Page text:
Despite Georgetown Cupcake’s popularity among the student body, one of the best-kept secrets in the D.C. cupcake world is Baked and Wired, located on Thomas Jefferson St., just a short walk from the AMC Movie Theater. “Baked and Wired is my favorite dessert place because you get the most cupcake for the price,” said Rachel Obenchain, ’13.
Besides being closer to campus, Baked and Wired’s shop is a two-in-one bakery and coffee shop that offers its customers a variety of freshly prepared coffee and tea beverages in addition to baked goods. Baked and Wired is one of my favorite places to spend a lazy afternoon; I just bring my laptop (they offer free wireless internet!), grab a cupcake and a cozy armchair and waste the afternoon away in sugary bliss.
Despite GW’s current infatuation with cupcakes, some GW students have opted for a healthier way to get their daily dose of sugar.
“I love the froyo at Campus Fresh,” said Courtney Hindle, ’13. “It’s the one place I can get a dessert complete with delicious toppings and not feel like I am going to pack on the freshman fifteen, plus its just a hop and a skip from my dorm so I can still get my dessert fix in a timely fashion.”
Whether students want something healthy or decadent, there are plenty of on-campus dessert destinations to keep even the most adamant confectionery connoisseurs satisfied. Coney Island, which offers a variety of frozen yogurt, ice cream and sundae options, is a staple in many GW students’ diets.
“Well I don’t like cupcakes and I love frozen yogurt,” said Molly Bruh. “I normally get either the fantasy bar or brownie in a frozen yogurt sundae with chocolate chips on top. That’s my favorite.”
If there’s one thing to try at Coney’s it’s, hands-down, the fantasy bar. Mix a warm fantasy bar, which is essentially a combination of a blondie brownie and a chocolate chip cookie, with a scoop of ice cream or a swirl of Skinny-Mini frozen yogurt. It is my absolute favorite ice cream treat. Watch out though—the ice cream can be a bit pricey: sundaes cost between $5 and $6.
Besides cupcakes and ice cream, GW students can order take out crepes from Crepeaway or grab a piece of pie from Kramer’s bookstore/restaurant in Dupont. If there’s one thing that I’ve learned about GW’s dessert culture in the past few months, it’s that if you can’t find some way to please your taste buds around campus, well, then what you’re seeking probably just doesn’t exist. Happy eating!
Like any over-achieving student, I decided to be proactive and do a little background research about the SA before I cast my ballot on Thursday afternoon. For those who were previously unaware, the Student Association is GW’s form of student government—a.k.a. student council for the collegiate world. The SA has three different branches (Executive, Senate, and Student Court) that all work in conjunction as the student body’s liaison to GW’s administration.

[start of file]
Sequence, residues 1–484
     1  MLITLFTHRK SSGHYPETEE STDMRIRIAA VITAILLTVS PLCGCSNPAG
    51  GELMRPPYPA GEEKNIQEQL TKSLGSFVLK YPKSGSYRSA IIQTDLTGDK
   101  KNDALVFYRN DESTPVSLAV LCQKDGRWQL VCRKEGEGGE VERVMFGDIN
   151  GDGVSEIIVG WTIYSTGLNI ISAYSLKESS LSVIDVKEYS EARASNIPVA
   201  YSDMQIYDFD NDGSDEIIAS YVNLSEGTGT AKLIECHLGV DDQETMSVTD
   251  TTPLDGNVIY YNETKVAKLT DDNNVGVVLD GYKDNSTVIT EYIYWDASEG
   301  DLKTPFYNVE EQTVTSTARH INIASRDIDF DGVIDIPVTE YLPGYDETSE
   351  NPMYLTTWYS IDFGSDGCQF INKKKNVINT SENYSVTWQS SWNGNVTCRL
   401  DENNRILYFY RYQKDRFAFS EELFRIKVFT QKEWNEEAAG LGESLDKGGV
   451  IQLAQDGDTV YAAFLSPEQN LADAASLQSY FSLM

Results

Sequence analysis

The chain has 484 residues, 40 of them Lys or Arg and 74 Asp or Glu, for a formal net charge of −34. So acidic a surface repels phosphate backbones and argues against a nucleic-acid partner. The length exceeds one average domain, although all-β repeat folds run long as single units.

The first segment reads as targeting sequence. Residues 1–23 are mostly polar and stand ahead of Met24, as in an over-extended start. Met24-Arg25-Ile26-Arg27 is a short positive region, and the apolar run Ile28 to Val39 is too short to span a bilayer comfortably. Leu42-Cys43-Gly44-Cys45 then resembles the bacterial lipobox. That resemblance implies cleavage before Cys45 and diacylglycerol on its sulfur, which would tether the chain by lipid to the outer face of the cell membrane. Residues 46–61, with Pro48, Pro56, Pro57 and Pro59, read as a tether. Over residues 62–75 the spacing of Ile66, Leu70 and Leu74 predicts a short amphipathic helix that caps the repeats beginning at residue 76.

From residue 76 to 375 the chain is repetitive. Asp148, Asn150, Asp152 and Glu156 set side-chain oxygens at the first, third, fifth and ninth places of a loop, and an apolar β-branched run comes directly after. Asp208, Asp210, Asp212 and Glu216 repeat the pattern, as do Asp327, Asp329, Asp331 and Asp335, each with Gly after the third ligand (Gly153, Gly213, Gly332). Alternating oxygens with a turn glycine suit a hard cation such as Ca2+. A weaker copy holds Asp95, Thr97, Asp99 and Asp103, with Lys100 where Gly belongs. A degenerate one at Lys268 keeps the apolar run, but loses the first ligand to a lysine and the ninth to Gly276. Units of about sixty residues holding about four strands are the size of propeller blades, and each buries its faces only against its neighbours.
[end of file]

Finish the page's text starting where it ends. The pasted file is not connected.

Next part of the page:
In this election, students can vote for candidates to represent them in both the Executive and Senate branches, as well as in Program Board or the Marvin Center Governing Board.
Does all this sound new to you? Don’t worry, you’re not alone. It took some flashy posters and aggressive campaigners for me care enough to figure out what SA even means.
As democratic and effective as it sounds in writing, many freshmen seem indifferent to voting in the SA elections and express skepticism at the candidates’ claims to change life at GW.
“My main concern is that most candidates who are running spend most of their time simply asking you to vote for them and handing out flyers,” said Rachel Kenny ‘13. “If their flyers or visits to dorms would focus more on what they actually want to do and why they want to run, I would be more likely to care and to vote.”
My biggest complaint about the SA election is the lack of information provided to the freshman class. How can candidates expect freshmen to vote for them when part of the class of 2013 isn’t aware the SA even exists, let alone what it does on campus?
If candidates really want the support of the freshman class, I suggest letting freshman know exactly what they are voting for before they actually cast a ballot. A little background information about the SA isn’t too much to ask.
“Although candidates attempt to lure our votes, many students remain ill-informed about the issues and platforms,” said Holly Caesar ’13. “There is almost an unspoken sense that the candidates are campaigning in a rat race that results in unfulfilled promises.”
Honestly, if I’m going to take the time out of my day to cast a ballot, I want to make sure my vote is going towards something that will actually have the power to cause change at GW; otherwise, what’s the point of even voting?
Some freshmen didnt take the time to vote, and many who wanted to do so didn’t know where or how to cast their ballots.
“I don’t really care,” said Seth Rudolph, ‘13. “I’m not voting, I don’t even know where to do that if I wanted to. I mean, I don’t really know much about the whole thing.”
Considering GW has a reputation as a politically active campus, I was shocked that I didn’t receive any information on how to cast my ballot until the morning of the last day of the election.
At this point, I actually consider myself more informed about the Student Association’s election process at GW than the average freshman. I collected a cornucopia of campaign flyers, listened to various candidates pitch their platform and even read a few of the candidates’ biographies via my sorority’s e-mail listserv. But most of my classmates can’t even name one of the two candidates running for SA President, let alone any other candidates who are vying for votes.
I often describe GW as “the overachieving school for overachievers.” Think about it. GW boasts competitive A-10 athletics, Greek Life, and over 350 student organizations in addition to its superior academic curriculum. Most universities are known for certain programs or athletic achievements, but to me, GW seems to have everything a prospective student could desire in a school… except spirit.